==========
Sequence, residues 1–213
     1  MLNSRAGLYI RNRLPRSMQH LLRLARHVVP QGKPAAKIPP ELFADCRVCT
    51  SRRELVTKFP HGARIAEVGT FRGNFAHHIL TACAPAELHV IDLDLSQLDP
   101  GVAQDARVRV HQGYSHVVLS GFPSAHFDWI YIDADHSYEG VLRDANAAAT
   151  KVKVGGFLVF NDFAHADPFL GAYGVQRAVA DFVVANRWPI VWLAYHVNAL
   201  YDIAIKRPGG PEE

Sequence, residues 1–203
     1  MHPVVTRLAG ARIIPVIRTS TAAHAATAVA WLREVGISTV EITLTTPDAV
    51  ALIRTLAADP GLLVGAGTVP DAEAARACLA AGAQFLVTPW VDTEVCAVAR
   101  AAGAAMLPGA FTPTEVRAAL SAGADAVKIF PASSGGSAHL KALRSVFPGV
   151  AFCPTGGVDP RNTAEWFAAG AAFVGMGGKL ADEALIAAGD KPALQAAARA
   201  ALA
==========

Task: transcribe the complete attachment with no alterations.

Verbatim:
Sequence, residues 1–213
     1  MLNSRAGLYI RNRLPRSMQH LLRLARHVVP QGKPAAKIPP ELFADCRVCT
    51  SRRELVTKFP HGARIAEVGT FRGNFAHHIL TACAPAELHV IDLDLSQLDP
   101  GVAQDARVRV HQGYSHVVLS GFPSAHFDWI YIDADHSYEG VLRDANAAAT
   151  KVKVGGFLVF NDFAHADPFL GAYGVQRAVA DFVVANRWPI VWLAYHVNAL
   201  YDIAIKRPGG PEE

Sequence, residues 1–203
     1  MHPVVTRLAG ARIIPVIRTS TAAHAATAVA WLREVGISTV EITLTTPDAV
    51  ALIRTLAADP GLLVGAGTVP DAEAARACLA AGAQFLVTPW VDTEVCAVAR
   101  AAGAAMLPGA FTPTEVRAAL SAGADAVKIF PASSGGSAHL KALRSVFPGV
   151  AFCPTGGVDP RNTAEWFAAG AAFVGMGGKL ADEALIAAGD KPALQAAARA
   201  ALA